Family: Fabaceae (Pea family)
Genus: Trigonella
Botanical name: Trigonella foenum-graecum
Sanskrit: Bahuparni, Bahupatrika, Chandrika, dipani, Gandhabija, Gandhaphala
Hindi: Methi
English: Fenugreek, Greek-clover, Greek hay
Malayalam: Uluva, uluwa
Fenugreek is an ancient spice, although currently not much known in the West. In India, it is popular for pickles and also in cooking. Dry roasting can enhance the flavour and reduce the bitterness, provided care is taken not to overheat the seeds. The plant is an erect annual herb, 10-60 cm tall, sparingly velvety to hairless. Leaves are trifoliate with leaflets 1-3 cm long, 5-15 mm broad, obovate to inverted-lance shaped, toothed or incised. Stipules are lance shaped, long-pointed, entire. Flowers are cream-colored or yellowish-white, sometimes tinged with lilac, 1-2 in leaf axils. Sepal cup is 7-8 mm long, teeth as long as the tube. Flowers are 1.2-1.8 cm long. Fruit is 5-11 mm long, 3-5 mm broad, smooth or velvety, tapering into a beak, 1-3.5 cm long, 10-20-seeded.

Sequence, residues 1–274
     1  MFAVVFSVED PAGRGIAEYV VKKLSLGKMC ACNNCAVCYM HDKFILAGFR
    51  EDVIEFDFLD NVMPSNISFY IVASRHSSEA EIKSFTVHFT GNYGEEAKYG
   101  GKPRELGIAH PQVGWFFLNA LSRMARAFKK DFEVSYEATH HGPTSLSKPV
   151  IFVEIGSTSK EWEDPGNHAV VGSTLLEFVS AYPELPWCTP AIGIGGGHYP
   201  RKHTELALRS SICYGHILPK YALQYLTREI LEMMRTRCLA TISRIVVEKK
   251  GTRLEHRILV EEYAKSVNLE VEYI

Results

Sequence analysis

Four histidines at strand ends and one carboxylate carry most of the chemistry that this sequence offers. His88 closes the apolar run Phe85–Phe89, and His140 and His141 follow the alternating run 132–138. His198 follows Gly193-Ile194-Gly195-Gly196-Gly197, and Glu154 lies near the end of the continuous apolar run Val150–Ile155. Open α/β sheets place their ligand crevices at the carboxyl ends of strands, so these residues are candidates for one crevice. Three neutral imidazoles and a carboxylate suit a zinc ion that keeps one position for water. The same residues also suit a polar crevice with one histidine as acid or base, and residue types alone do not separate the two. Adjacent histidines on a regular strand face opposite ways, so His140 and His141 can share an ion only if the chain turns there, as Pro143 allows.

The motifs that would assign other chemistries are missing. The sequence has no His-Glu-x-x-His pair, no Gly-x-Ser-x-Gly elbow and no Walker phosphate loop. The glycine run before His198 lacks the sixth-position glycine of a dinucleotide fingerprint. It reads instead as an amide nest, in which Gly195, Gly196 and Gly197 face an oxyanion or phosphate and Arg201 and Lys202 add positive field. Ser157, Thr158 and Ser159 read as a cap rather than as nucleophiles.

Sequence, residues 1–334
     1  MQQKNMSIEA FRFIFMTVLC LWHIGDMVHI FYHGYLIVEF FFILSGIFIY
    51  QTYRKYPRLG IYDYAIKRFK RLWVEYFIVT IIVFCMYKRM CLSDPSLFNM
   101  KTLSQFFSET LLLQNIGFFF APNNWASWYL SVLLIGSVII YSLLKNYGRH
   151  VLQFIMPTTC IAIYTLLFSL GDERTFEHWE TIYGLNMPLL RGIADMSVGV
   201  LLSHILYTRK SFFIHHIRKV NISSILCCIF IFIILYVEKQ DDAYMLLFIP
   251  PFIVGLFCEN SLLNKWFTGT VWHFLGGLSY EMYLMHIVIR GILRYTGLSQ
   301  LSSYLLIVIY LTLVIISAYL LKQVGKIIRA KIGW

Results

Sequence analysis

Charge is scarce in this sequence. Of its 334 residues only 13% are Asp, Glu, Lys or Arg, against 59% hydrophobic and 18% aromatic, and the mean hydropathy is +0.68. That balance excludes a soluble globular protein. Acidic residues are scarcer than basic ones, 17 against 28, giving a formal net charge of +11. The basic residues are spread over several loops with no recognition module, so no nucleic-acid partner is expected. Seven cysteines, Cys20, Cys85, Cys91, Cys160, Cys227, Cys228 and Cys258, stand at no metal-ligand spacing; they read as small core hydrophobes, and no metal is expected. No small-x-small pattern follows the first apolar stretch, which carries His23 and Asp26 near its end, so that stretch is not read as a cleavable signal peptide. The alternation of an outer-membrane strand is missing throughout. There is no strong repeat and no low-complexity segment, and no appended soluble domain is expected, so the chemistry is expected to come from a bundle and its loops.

Fenugreek is also used as a vegetable. Fresh Fenugreek leaves are an ingredient in some Indian curries. The sprouted seeds and micro greens are used in salads.
Fenugreek seed is widely used as a galactagogue (milk producing agent) by nursing mothers to increase inadequate breast milk supply. For Woman: Its active ingredient known as galactogogue increases the flow of mother's milk within 24-36 hours. Its seeds have been used in many traditional medicines as a laxative, digestive, and as a remedy for cough and bronchitis.
Trigonella foenum-graecum
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